Deer Park, page 7
carelessness of tenants, it caught fire and burned to the ground on Christmas Day, 1939.
Mr. Garrett's younger son, Thomas Harrison Garrett, the head of the firm of Robert Garrett & Sons, about 1883 built near his father's home one of the finest and largest of Deer Park's summer homes. It contained about 25 rooms and was noted for its beautiful stairway and paneling. Mr. Garrett was drowned in Chesapeake Bay, June 7, 1888, at the age of 39, when his yacht, the Gleam, was in a collision with the steamer Joppa. His elder brother, Robert, who had succeeded his father as President of the Baltimore and Ohio in 1884, was forced by ill health to resign, October 12, 1887. He came to Deer Park in the summer of 1896 to spend some time at his late brother's home, but he grew steadily weaker and died here on July 29, 1896, aged 49. Mrs. Thomas Harrison Garrett turned the property over to her sister, Mrs. A. N. Turnbull, of Baltimore, who with her three sons and three daughters spent every summer here until her death. The family continued to return to Deer Park until the closing of the Deer Park Hotel following the crash of 1929 made it impracticable to reopen the cottage. It eventually was sold to James P. Treacy of Oakland, who partially razed it and sold the lumber. Some time later the remainder of the building was destroyed by fire.
About the year 1880 a group of summer visitors arranged for the erection of a beautiful little frame chapel on the hotel grounds beside the tiny stream from the spring further back in the grove. Mrs. William P. Keyser was one of those most interested in the project, and Senator Davis donated much if not all of the lumber needed. George Marley laid the stone foundation and the chapel was built by L. H. Schoolfield and Frank Thrasher. It was finished in dark stained wood, without plaster, and had a gable roof and high, dimly lighted ceiling reminiscent in its small way of the ceilings of some of the old churches in Europe. It was intended for the use of all denominations. It was seldom used, however, except by the Episcopalians and Catholics. The Episcopal ministers from Oakland often conducted services here. The Catholic pastors from Oakland said Mass on Sundays during the summer, their visits often being supplemented by those of priests visiting at the hotel or cottages.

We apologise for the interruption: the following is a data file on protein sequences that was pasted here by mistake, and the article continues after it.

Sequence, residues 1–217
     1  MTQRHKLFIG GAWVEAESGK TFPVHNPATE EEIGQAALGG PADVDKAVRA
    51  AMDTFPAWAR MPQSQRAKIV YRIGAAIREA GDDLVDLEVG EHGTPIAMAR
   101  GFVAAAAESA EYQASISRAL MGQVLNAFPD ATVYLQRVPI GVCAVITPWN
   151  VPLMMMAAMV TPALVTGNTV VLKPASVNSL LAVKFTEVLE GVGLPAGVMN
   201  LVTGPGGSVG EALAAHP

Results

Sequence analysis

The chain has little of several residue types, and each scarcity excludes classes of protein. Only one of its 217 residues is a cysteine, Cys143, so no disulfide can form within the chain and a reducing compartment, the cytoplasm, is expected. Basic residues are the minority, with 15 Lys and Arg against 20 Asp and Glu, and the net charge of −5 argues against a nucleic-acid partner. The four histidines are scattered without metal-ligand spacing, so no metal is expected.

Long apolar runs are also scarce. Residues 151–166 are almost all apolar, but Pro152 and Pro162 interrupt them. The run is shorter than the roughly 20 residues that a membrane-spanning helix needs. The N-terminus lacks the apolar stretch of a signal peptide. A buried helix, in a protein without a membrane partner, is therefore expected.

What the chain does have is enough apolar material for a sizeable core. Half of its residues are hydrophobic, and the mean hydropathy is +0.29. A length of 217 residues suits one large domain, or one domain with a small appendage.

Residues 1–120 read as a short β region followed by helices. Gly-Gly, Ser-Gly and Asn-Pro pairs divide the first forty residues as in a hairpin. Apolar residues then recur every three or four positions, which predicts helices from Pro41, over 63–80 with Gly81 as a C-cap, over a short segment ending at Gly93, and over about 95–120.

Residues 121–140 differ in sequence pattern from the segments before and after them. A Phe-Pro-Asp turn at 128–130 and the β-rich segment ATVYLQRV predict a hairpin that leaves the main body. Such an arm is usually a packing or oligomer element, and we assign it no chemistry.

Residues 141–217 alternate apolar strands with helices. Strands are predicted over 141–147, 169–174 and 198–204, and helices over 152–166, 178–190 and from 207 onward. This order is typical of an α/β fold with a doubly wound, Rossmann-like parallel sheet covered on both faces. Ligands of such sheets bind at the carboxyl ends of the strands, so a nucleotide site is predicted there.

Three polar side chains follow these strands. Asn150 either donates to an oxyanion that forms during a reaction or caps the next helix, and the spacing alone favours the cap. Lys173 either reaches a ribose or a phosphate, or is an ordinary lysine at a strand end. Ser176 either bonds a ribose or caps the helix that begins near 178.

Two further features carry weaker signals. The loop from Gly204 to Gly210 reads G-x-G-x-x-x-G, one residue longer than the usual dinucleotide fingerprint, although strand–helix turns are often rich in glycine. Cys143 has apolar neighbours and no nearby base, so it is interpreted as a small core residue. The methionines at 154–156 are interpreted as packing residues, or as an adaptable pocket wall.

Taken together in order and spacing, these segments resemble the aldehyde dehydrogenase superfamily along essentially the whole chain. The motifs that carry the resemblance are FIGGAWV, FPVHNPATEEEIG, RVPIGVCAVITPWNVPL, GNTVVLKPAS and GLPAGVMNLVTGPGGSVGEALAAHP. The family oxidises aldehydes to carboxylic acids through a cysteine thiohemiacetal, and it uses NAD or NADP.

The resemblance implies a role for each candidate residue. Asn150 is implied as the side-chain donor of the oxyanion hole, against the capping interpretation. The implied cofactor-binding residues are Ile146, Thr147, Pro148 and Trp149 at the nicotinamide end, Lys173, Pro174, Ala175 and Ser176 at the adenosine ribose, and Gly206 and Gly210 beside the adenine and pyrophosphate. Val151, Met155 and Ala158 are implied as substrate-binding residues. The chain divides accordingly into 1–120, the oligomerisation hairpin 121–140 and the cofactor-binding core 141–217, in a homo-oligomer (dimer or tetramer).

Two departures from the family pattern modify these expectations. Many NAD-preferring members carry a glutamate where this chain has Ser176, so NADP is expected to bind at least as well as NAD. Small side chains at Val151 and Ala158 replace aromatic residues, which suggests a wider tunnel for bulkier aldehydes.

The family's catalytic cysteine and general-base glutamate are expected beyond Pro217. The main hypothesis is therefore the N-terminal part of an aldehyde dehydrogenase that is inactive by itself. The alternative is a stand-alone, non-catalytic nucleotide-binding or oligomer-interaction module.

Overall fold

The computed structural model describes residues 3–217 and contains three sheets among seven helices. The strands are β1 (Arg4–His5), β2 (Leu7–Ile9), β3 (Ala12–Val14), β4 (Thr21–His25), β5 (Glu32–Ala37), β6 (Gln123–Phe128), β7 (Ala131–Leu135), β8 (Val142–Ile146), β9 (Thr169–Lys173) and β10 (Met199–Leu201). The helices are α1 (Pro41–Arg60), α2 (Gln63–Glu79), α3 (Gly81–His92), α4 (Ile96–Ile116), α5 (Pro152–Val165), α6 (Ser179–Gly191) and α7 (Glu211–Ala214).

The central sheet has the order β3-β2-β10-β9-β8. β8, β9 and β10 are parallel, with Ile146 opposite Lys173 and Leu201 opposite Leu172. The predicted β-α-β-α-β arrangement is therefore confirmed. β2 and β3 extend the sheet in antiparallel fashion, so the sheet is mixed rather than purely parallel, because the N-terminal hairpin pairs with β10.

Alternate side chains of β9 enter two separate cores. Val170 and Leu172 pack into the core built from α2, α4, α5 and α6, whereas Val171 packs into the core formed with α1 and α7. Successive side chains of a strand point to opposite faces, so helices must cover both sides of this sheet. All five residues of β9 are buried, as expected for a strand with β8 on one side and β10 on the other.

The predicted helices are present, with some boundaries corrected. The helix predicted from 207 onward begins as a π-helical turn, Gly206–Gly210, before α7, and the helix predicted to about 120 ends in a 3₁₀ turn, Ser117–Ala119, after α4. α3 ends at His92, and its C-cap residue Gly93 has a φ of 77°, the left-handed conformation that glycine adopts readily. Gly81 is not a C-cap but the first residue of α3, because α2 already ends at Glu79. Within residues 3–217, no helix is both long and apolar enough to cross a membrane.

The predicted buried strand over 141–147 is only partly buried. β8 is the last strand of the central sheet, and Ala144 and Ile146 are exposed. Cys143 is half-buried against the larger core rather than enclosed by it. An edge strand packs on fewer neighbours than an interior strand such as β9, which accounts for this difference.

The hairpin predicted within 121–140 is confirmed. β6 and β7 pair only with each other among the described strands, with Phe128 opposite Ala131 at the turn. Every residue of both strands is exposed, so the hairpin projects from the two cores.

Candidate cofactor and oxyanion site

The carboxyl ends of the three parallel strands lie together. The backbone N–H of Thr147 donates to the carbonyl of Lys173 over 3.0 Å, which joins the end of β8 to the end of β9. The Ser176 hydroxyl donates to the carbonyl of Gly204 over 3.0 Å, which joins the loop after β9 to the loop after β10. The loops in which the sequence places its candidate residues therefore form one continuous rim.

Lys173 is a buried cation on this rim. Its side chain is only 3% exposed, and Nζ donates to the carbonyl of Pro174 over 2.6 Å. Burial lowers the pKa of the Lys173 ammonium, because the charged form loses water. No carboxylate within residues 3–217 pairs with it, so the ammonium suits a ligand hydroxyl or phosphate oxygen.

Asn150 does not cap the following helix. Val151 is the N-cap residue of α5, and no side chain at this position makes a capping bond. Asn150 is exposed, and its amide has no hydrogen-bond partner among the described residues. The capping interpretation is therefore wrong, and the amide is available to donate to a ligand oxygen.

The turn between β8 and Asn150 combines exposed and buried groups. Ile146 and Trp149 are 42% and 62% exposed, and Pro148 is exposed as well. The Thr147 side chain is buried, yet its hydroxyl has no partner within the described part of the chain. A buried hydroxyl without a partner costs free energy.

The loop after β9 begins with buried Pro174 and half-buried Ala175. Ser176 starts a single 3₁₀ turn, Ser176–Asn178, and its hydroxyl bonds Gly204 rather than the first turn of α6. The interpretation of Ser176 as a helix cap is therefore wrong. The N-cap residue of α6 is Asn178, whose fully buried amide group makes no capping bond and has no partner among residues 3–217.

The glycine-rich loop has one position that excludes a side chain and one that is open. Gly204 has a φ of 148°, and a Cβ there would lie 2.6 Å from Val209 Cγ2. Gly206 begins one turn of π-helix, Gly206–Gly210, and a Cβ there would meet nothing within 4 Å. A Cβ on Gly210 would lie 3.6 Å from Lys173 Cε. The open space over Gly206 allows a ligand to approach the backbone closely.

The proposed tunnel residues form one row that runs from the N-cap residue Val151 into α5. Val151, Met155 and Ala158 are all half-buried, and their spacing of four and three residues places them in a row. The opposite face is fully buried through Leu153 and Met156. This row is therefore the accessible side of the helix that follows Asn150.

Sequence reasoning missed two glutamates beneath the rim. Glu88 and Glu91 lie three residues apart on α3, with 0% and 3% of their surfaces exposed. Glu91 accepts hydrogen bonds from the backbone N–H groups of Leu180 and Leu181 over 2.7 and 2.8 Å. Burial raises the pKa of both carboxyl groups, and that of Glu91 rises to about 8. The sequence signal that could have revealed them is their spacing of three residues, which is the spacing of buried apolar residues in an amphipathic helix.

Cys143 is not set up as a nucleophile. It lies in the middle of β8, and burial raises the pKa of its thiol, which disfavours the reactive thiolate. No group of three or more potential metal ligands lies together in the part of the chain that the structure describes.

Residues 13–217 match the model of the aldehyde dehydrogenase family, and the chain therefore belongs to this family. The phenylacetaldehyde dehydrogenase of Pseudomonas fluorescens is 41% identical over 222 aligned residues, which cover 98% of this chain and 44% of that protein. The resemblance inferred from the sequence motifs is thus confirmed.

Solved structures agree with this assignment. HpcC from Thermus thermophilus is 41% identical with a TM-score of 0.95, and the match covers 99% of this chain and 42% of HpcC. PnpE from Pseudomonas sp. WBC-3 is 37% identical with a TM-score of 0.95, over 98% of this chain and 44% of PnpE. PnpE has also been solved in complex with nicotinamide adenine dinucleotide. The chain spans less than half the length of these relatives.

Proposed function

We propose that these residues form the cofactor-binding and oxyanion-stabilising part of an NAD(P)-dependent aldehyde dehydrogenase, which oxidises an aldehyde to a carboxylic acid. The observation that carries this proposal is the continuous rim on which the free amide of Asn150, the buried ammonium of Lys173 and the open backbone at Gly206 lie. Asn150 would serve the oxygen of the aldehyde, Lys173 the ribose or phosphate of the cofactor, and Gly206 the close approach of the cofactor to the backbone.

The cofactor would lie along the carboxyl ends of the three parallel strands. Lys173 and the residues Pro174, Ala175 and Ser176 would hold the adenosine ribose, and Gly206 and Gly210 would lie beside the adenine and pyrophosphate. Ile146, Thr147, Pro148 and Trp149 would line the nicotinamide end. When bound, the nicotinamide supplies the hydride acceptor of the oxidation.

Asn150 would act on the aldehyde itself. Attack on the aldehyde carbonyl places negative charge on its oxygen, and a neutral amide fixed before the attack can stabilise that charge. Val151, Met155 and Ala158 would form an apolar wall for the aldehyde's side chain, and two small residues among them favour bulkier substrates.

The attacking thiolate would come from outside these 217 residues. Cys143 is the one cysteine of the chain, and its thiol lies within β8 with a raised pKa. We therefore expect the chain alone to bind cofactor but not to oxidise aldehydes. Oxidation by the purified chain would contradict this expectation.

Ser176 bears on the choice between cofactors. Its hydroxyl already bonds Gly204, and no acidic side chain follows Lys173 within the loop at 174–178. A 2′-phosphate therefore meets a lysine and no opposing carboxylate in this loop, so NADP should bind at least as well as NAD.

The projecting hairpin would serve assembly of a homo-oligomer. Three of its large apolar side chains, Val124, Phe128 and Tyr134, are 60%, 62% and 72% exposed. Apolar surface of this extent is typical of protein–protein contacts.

To the Deer Park Hotel came the elite. Built to cater to those who could appreciate and afford to pay for the best things in life, no expense was spared by the management to provide the finest produce the country could supply. Besides the best local vegetables, milk and cream,
Robert Browning Garrett
Ruth Enlow Library, Oakland
22 x 15 cms
Western Maryland, 1750-1963